There doesn’t seem a day that goes by without a photographer being caught up in a legal wrangle over the ownership of images they’ve taken. Here, Peter Stevenson from professional photographers’ insurance provider InFocus, discusses a recent case and the questions it raises.
Many of the people reading this piece, will have seen the rather amusing photo of the bear falling out of a tree having just been tranquilised by wildlife officers. The unfortunate black bear had wandered into the grounds of the University of Colorado and scampered up a tree. Thankfully it has now been returned to the wild.
The incident was captured on camera by an engineering student at the university, Andy Duann. Andy is also an amateur photographer, who worked as a photographer for the campus newsletter, the CI Independent.
The captivating shot of the bear mid-flight, before it landed on a crash-mat, has become an internet sensation and can be found on all manner of websites. The bear even has its own Facebook and Twitter page! As a result of all the attention, the Daily Camera approached the photographer, asking if it could buy the image.
This is where the copyright issue arose.
The campus newsletter said that as the photographer’s employer, they owned the shot and therefore Andy had no right to sell it. Andy, on the other hand, argued that as the photographer, he owned the image and could do what he wanted with it.
So who was right? Well, under normal circumstances, if you’re an employee doing your job and carrying out photography, then the copyright of the work belongs to your employer. So in this case, the newspaper as the employer would own the copyright. If you’re a freelancer, then the copyright belongs to you unless explicitly agreed otherwise.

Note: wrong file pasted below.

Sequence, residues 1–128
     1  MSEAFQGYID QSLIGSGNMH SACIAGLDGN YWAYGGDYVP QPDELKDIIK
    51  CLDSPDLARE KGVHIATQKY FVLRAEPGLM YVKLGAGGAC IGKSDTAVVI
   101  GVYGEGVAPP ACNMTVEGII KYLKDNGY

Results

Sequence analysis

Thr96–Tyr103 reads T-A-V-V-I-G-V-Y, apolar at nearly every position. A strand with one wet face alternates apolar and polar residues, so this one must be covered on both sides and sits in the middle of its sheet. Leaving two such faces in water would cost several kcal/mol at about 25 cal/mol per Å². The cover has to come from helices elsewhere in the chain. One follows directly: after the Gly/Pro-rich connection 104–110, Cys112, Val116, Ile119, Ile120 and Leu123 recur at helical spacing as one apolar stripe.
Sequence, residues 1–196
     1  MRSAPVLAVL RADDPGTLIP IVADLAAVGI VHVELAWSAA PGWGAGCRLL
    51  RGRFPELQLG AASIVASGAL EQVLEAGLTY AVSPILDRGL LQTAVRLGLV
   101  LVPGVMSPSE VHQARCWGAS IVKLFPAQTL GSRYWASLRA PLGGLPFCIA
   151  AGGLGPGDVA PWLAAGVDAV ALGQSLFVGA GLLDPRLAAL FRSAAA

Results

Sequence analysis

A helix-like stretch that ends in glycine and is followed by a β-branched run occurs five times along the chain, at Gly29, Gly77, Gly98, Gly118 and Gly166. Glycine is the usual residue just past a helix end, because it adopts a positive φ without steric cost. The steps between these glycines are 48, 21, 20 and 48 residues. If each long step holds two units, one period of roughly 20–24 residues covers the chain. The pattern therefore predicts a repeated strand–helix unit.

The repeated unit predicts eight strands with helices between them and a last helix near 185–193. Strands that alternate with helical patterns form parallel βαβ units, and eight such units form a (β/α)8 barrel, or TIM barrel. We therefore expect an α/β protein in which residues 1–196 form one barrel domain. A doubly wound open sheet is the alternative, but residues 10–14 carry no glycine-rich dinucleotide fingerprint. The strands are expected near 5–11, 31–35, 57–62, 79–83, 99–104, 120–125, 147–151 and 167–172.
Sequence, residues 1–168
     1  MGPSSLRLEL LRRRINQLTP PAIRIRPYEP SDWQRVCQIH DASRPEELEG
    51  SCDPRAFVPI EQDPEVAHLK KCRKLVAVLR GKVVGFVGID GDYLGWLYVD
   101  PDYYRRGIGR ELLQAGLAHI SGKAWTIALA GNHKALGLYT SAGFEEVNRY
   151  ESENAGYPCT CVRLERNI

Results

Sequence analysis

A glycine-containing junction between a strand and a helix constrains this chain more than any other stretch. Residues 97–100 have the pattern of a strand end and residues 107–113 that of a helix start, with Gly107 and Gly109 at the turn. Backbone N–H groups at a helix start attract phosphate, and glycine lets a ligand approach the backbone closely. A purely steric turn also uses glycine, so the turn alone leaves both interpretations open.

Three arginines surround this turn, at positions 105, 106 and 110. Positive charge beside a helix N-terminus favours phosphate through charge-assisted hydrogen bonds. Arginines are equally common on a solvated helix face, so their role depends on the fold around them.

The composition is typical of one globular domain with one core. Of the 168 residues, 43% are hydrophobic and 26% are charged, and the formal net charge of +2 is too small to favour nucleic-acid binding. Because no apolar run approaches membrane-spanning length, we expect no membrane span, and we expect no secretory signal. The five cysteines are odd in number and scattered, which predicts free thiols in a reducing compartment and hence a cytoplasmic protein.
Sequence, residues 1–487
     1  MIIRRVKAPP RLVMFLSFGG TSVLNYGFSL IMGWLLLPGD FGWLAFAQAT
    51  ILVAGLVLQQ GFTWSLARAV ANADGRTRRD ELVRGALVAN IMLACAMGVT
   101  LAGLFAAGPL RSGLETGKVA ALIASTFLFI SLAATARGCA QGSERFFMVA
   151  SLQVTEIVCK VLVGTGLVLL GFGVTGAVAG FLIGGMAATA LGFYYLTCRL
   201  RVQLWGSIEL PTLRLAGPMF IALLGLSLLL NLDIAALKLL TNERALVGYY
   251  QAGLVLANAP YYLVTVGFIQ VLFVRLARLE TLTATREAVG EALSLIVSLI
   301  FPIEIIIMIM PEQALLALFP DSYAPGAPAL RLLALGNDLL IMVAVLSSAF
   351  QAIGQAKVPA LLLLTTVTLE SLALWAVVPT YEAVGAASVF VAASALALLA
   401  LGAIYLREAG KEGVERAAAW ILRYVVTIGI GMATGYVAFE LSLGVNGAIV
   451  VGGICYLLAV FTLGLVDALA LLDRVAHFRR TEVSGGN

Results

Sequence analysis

You’d think then, that it was clear the newspaper owned the copyright. However, the university had to concede that the image was in fact, owned by the photographer but only because Andy joined the CU Independent late into the semester and therefore he didn’t sign a contract they had in place for other photographers, stating that ownership of photography would belong to it, rather than the person who took the shot. Had they got the photographer to sign this, then it would be a completely different story.
The incident is interesting for professional photographers, studio owners and newspaper bosses across the UK. It shows how difficult it can be to keep track of an image once it goes viral. It also demonstrates how important it is to stipulate in a contract exactly who owns the copyright of an image at the outset, especially if the images are likely to go viral or be sold on. As a freelance professional photographer, you should always be on the lookout for people using your images without your permission. You have the right to ensure you protect your intellectual property.